Today’s post is written by none other than, Ben Ewert, my wonderful husband. I figured you might get tired of hearing my writing voice so aim to incorporate a guest post here and there.
This post is part of the 2021 Writing Challenge. This challenge is open to anyone and involves writing on one word a week for 52 weeks. Write for yourself or write for others but either way, please feel free to share by posting a link in the comments (if you’re posting on this week’s word) or post on social using the #2021writingchallenge and tagging me on Twitter or Instagram, or posting on my FB page so I can repost. Happy Writing!
Balance. A buzz-word that emanates from the nether regions of the early naughts, usually associated with self-help books and a zen-like attention to ordering one’s life. Balance is a foreign concept to me. I think it should be easy, a simple matter of weights drifting into similarity on the scales. When one side starts to dip, either add more one the opposite side to bring them to even or remove one to settle back into balance. Or at least as close as one can get. Yet in my experience, attempting to achieve balance in my life has been like trying to close my hand around a slightly deflated balloon. You press on one side and the other bulges out. No matter how hard you try and contain it all, one bit eventually escapes, protruding bulbously to one side. To be honest though, I’m probably giving myself too much credit. Even thinking about balance hasn’t been a discipline of mine. I tend to follow dreams and whispers of a treasured life. Vocation to me is a matter of the heart, a relentlessly pursued adventure, rather than the result of an ordered, considered and balanced plan of action.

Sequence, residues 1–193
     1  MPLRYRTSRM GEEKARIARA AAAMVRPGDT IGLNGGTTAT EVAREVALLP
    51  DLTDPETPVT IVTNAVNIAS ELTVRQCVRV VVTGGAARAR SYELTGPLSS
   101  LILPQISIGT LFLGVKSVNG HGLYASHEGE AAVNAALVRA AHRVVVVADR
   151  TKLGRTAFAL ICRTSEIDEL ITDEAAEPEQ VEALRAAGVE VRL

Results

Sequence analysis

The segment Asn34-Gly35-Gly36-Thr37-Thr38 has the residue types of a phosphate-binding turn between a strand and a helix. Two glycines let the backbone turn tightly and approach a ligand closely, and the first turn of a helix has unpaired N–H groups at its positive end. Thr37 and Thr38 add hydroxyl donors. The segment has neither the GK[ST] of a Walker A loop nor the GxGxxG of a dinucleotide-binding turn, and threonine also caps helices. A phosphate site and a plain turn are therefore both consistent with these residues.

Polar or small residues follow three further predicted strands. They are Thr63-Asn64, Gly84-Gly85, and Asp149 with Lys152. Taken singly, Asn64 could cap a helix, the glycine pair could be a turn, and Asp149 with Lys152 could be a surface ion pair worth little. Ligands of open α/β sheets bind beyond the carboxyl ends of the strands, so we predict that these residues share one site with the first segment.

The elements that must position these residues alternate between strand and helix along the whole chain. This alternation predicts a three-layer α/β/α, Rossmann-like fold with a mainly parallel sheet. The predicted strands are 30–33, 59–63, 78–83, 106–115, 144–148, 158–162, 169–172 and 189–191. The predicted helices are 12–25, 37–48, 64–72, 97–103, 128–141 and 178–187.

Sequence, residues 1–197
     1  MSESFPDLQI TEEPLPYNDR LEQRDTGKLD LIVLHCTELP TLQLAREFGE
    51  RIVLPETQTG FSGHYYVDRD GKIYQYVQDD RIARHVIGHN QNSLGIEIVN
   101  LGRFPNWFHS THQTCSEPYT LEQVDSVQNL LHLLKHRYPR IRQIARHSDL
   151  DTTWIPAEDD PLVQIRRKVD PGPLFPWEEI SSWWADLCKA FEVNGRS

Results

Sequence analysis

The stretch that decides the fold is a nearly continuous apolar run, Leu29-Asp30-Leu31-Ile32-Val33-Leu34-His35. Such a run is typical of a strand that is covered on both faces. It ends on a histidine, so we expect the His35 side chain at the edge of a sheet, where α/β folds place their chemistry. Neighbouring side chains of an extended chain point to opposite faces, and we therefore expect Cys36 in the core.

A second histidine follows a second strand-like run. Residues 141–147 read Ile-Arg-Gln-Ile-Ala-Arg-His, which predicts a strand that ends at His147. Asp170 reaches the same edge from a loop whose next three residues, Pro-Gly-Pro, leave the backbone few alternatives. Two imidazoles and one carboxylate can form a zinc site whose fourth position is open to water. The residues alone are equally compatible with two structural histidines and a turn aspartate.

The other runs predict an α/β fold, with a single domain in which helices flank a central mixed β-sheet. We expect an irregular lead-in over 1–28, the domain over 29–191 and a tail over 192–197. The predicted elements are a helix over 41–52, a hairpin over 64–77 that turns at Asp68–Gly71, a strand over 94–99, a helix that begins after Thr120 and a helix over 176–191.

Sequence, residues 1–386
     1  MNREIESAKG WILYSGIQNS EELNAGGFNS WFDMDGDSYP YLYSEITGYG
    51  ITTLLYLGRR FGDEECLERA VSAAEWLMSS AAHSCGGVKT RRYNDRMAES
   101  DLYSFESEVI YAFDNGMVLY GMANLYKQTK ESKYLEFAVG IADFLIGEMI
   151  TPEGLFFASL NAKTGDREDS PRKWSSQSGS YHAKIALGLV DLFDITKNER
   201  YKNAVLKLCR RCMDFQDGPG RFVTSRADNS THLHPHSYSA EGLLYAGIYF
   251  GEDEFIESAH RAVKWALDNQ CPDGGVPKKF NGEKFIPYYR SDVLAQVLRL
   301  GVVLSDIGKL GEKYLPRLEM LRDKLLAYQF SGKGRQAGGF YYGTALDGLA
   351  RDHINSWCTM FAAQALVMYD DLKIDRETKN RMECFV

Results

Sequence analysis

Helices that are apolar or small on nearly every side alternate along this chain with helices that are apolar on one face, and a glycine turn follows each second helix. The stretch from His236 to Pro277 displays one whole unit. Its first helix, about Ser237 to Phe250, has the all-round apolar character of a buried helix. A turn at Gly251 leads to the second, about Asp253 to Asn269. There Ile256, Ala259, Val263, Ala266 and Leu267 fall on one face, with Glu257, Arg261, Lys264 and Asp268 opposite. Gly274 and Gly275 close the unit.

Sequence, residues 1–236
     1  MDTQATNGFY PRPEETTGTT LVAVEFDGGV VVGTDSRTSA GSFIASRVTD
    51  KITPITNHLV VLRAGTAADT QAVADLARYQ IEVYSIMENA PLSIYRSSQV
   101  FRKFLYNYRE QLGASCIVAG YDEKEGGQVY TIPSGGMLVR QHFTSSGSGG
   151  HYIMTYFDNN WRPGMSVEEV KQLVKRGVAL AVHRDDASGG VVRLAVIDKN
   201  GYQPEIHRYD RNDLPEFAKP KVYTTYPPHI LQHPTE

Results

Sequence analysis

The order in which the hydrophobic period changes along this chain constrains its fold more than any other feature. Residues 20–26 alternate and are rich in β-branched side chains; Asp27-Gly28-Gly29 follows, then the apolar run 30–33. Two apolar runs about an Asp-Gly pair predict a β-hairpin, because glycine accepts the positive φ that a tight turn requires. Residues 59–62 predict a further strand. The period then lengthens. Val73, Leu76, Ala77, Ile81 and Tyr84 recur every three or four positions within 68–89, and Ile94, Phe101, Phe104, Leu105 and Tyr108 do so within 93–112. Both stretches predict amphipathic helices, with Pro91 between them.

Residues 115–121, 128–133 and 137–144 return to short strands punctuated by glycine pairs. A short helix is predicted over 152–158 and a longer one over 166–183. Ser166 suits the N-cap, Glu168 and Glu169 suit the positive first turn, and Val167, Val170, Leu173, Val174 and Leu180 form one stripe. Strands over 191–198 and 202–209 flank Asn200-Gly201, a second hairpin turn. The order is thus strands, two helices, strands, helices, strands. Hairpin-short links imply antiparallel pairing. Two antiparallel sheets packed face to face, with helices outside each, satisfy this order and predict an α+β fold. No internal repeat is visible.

But I can’t deny the plain fact that balance allows life to flourish. If you press down too hard on one bit of your life, another flies wildly out of control. If you live inside your own head all the time, the people around you fade when they should be shining brightly alongside you. Consider balance as more a matter of resonance than of weight. Certain frequencies of sound naturally resonate with one another, especially those in a certain series. When tuning a guitar, strings are stretched or loosened to approach the common pitch. The closer they get the more slowly sound waves can be heard to vibrate, slowing in pace until coalescing in unity. Resonance isn’t about one time compensation, it is about a never-ending interplay. The more ‘in tune’ pitches are, the greater the pure, burnished and balanced tone they produce. They live in and through one another, occupying the same space without the exclusion of the other. Each pitch is allowed to be itself while participating in the sound of the whole.
I believe this a helpful way to consider balance in my life. I am attempting to allow the various parts of my life to live alongside each other, giving and taking in an ebb and flow that doesn’t belie the importance of any single part. That’s not to say that a pruning of sorts doesn’t need to occur but as I breathe deeply of this complicated life, I turn over in my mind St Paul’s words to young Timothy: ‘that we may lead a quiet and peaceable life.’ Not a reflection of circumstance but a practiced and disciplined state of mind and heart. Balance.
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